Snyder later said the event in San Francisco had been inspiring for him, as it helped him to view public performance of poetry in modern industrial society as a form of communion. Through public reading, he realized, literature, and especially poetry, could reach a mass audience.

Study and Writing Abroad

In 1956, Snyder left the United States for Japan, where he would spend most of the next decade. He studied Zen Buddhism in Kyoto until 1968, only returning to the United States for occasional visits. He continued writing poetry.

His volume of poetry Riprap comprised poems written in the mid-1950s in the U.S., in Japan, and even aboard an oil tanker on which he crossed the Pacific. The poems indicate a sense of Zen detachment, a concern for nature, and expressions of sympathy for the American working class laboring under a soulless industrial society.

Counterculture Hero

Snyder became known as the real-life model for a fictional character, Japhy Ryder, in Jack Kerouac's novel The Dharma Bums. The novel's narrator, obviously based on Kerouac himself, meets up with Ryder, a Buddhist scholar and mountaineer. They climb peaks in the Northwest together as part of their Buddhist practice.

Berkeley Poetry Conference 1965
Poets at the Berkeley Poetry Conference. Foreground left to right, poet Charles Olson, Helen Dorn, poet Ed Dorn; background left to right, poets Gary Snyder, Allen Ginsberg, and Robert Creeley, photographed during the conference on July 12 - 24, 1965. Leni Sinclair / Getty Images

When Snyder returned to America in the mid-1960s, settling again in San Francisco, he became involved in the emerging counterculture. He attended large public events in San Francisco, such as the "Human Be-In," and he attracted a devoted following at poetry readings. Snyder, with his wife and two sons, moved into a cabin on land in the Sierra foothills in northern California. He continued writing and was a practitioner of the back to the land movement.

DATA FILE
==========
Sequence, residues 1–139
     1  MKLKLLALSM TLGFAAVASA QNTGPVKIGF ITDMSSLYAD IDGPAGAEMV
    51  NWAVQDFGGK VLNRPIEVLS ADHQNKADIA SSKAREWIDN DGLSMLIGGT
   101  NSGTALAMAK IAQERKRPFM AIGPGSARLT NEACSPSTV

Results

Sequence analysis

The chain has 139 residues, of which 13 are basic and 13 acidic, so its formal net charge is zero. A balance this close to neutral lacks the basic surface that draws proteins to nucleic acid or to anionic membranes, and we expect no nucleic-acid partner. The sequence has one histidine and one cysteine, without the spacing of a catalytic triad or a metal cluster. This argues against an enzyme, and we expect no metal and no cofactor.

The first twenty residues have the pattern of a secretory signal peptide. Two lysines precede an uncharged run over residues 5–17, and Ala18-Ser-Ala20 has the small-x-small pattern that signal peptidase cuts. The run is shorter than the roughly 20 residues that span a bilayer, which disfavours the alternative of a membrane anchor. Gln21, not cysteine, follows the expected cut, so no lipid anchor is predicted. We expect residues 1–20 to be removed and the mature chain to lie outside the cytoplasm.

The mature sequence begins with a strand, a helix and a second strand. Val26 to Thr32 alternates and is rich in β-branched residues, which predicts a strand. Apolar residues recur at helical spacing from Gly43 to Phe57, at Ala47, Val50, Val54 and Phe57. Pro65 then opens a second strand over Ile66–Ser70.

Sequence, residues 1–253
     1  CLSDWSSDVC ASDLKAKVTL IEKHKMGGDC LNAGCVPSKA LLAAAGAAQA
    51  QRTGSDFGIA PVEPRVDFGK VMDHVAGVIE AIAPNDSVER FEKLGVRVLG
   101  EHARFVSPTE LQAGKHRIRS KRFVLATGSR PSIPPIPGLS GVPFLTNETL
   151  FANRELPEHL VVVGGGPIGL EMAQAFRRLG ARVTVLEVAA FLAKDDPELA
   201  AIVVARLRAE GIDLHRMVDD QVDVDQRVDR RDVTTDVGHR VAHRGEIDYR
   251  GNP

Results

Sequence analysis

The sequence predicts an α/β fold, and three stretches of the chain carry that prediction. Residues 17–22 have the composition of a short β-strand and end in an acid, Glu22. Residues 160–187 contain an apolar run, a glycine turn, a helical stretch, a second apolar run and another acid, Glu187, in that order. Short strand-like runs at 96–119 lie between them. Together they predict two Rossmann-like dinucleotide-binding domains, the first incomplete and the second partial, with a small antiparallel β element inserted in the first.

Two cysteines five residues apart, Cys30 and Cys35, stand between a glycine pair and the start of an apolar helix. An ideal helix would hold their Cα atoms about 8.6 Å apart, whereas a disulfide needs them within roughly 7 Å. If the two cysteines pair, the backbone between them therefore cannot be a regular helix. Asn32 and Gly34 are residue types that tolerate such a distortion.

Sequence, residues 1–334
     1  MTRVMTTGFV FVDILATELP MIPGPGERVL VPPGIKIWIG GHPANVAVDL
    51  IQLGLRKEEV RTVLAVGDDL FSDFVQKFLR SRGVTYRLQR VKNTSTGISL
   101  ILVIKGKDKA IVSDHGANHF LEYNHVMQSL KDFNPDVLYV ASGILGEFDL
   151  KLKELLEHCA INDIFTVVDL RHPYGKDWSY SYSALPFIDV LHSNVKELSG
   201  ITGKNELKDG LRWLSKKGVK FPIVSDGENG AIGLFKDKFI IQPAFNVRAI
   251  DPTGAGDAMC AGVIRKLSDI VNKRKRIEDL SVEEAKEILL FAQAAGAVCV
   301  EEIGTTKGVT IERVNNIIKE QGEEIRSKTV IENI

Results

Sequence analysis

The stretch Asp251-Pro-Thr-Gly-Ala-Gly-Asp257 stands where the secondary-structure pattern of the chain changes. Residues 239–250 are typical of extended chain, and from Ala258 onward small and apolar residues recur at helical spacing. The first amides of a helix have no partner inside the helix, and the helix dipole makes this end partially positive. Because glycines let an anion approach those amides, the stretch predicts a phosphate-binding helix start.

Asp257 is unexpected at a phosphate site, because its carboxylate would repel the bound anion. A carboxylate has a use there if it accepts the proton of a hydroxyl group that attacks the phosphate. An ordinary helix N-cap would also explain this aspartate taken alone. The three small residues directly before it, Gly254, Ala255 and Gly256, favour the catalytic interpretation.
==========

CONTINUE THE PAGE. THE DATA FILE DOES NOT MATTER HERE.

Mainstream Honors

Critics have noted that Snyder has been a public voice, writing poems and essays about nature, while his poetry has also been subject to serious consideration by academic critics. His prominence as a poet was indicated in 1975 when Turtle Island, a book of poems and essays influenced by Buddhism and Native American traditions, was awarded the Pulitzer Prize.

Snyder has taught poetry at colleges, and has continued to show deep concern for environmental issues. In 1996 he published a long poem, "Mountains and Rivers Without End," which was titled after a long Chinese painting that would be displayed on a scroll. In a positive review in the New York Times, Snyder was referred to as "the Beatnik sage," and it was noted that the poem was an epic work 40 years in the making.

In recent decades, Snyder has continued to write and speak publicly, often about environmental concerns.

Sources:

  • Hoffman, Tyler. "Snyder, Gary 1930–." American Writers, Supplement 8, edited by Jay Parini, Charles Scribner's Sons, 2001, pp. 289-307. Gale Virtual Reference Library.
  • Murphy, Patrick D. "Snyder, Gary (b. 1930)." American Nature Writers, edited by John Elder, vol. 2, Charles Scribner's Sons, 1996, pp. 829-846. Gale Virtual Reference Library.
  • "Snyder, Gary (Sherman) 1930-." Contemporary Authors, New Revision Series, vol. 125, Gale, 2004, pp. 335-343. Gale Virtual Reference Library.
  • Davidson, Michael. "Snyder, Gary (b. 1930)." World Poets, edited by Ron Padgett, vol. 3, Charles Scribner's Sons, 2000, pp. 23-33. Gale Virtual Reference Library.